Severe drought in California between 2013 and 2016 has been linked to the multiyear persistence of anomalously high atmospheric pressure over the northeastern Pacific Ocean, which deflected the Pacific storm track northward and suppressed regional precipitation during California's winter “rainy season.” Multiple hypotheses have emerged regarding why this high pressure ridge near the west coast of North America was so resilient—including unusual sea surface temperature patterns in the Pacific Ocean, reductions in Arctic sea ice, random atmospheric variability, or some combination thereof. Here we explore relationships between previously documented atmospheric conditions over the North Pacific and several potential remote oceanic and cryospheric influences using both observational data and a large ensemble of climate model simulations. Our results suggest that persistent wintertime atmospheric ridging similar to that implicated in California's 2013–2016 drought can at least partially be linked to unusual Pacific sea surface temperatures and that Pacific Ocean conditions may offer some degree of cool-season foresight in this region despite the presence of substantial internal variability.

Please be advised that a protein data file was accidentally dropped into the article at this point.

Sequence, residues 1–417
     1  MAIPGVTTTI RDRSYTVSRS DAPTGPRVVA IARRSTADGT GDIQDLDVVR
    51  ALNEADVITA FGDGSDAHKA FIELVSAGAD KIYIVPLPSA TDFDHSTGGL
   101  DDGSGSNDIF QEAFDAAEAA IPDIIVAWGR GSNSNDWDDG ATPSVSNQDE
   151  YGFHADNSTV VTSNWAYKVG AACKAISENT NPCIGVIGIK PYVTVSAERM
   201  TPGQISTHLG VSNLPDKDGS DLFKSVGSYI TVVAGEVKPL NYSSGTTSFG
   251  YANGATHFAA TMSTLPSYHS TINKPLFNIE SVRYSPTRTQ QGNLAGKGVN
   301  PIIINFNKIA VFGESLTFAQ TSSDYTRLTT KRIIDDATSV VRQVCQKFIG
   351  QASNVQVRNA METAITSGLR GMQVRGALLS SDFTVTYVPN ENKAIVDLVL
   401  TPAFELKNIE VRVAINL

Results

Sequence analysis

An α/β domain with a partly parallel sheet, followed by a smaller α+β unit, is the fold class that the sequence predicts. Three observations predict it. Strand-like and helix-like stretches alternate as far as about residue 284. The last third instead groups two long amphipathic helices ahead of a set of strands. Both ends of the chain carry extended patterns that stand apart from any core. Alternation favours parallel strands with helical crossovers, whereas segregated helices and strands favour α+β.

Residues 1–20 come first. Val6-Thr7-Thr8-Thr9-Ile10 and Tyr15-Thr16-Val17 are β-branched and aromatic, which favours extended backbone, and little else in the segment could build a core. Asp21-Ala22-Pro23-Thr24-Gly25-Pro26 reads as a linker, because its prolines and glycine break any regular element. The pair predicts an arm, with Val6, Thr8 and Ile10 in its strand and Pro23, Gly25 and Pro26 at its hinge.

- California drought
- atmospheric ridging
- ocean-atmosphere interactions
ASJC Scopus subject areas
- Atmospheric Science
- Earth and Planetary Sciences (miscellaneous)
- Space and Planetary Science